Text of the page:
Gov. Cuomo last month ordered state officials to study the health effects of hydraulic fracturing - and so continued to prevent drillers from exploiting the Marcellus Shale. But if he's truly interested in public health, the governor must also put a freeze on wind-energy projects in New York until their health impact can be gauged.
If Shumlin is indeed seeking the best interests for our state and not pandering to paid-for-political power, he can and should reflect upon industrial wind under the circumspection of the economic, ecological, and social damage caused by the broken promises from Yankee. There is a better, more thoughtful choice. A choice that begins with an immediate moratorium on industrial wind.
The centerpiece of the McGuinty agenda was his controversial green energy policy.
The idea here had three parts. First, electricity consumers would subsidize new forms of power generation, such as wind power, through their hydro bills. Coal would be phased out as a source of electricity generation and replaced by natural gas.
So the risks to the SNP's current energy narrative are obvious. What if there's a public backlash against the cost of subsidising renewables as household bills continue to rise? What happens to the dream of Scotland exporting vast quantities of green electricity to England, if Paterson and Osborne win this battle? And who pays to make that trade viable, if the current UK subsidy system is scrapped?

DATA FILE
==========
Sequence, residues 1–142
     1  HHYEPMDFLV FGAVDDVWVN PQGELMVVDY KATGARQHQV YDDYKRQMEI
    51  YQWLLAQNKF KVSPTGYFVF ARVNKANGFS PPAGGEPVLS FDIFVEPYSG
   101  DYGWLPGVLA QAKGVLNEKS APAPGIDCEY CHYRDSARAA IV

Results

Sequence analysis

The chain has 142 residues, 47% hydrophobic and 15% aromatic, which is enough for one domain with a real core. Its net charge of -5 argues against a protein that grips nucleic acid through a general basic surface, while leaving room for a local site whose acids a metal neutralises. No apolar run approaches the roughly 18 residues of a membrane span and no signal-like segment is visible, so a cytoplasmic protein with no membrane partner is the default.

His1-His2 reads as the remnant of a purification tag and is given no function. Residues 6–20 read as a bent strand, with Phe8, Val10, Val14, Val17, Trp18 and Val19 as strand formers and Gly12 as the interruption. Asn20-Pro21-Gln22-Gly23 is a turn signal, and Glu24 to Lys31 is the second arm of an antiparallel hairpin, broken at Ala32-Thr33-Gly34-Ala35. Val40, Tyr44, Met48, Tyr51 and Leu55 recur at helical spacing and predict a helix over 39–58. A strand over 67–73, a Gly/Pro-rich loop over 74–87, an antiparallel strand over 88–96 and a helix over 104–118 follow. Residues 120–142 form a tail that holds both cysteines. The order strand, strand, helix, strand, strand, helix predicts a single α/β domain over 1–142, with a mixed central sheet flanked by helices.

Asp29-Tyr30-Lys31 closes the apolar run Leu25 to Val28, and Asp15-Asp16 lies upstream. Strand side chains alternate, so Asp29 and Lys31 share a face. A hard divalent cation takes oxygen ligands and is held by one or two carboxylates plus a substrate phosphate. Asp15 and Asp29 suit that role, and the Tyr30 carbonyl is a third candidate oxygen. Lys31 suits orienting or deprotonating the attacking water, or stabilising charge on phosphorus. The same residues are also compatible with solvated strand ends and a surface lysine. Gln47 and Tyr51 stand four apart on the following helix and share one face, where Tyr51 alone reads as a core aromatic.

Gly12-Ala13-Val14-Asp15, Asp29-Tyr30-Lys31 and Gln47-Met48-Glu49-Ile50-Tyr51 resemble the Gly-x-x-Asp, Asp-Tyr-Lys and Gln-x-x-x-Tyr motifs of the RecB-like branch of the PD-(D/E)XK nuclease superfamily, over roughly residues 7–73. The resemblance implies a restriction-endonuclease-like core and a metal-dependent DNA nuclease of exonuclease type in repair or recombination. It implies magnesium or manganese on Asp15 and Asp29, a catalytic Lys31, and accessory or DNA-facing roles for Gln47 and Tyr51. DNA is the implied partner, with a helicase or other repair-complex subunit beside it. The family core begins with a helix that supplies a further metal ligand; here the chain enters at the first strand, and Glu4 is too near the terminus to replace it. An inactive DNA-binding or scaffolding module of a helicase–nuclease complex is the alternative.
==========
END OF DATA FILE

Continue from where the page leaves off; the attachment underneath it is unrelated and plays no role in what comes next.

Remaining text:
In 2008 candidate Barack Obama promised to create 5 million green jobs. He laid out a plan to invest $150 billion over 10 years that would advance a clean-energy economy built around biofuels, hybrid cars, low-emission coal plants, and renewable sources such as solar and wind. How many has he actually created?
What do these wind turbines represent?
Opportunism, for one. In return for investing in the wind project, GMP will receive $44 million in federal production tax credits over 10 years. Environmentalists pushed hard for those incentives, and you can't blame entrepreneurs for leaping at them.
Wind power does not represent progress, it's a step backwards.
To editorially support a wind farm off Block Island, costing millions of taxpayer and ratepayer dollars in government subsidies and increased rates for electrical users for an unreliable, inefficient and ugly encumbrance on a natural treasure is ill informed and does no service to your readers or the people of Connecticut.
The heated debate over large-scale wind power development atop ridgelines is reason enough to take a second look at the process.
Public Service Commissioner Elizabeth Miller agrees the current system might need to be updated. Miller told the Free Press, "It's not that the process isn't working now, but it was designed for far fewer projects at a different scale."
The province's efforts to increase the use of wind power must be balanced against the equally valid goals of protecting Ontario's wildlife and natural environment. ...rigorous guidelines are needed to protect bats and birds.
The Bruce Peninsula, like many other parts of Ontario where large-scale industrial wind farms - with turbines numbering in the hundreds - have been built or proposed, has become a hot-bed of anti-wind turbine sentiment along with other parts of Grey-Bruce.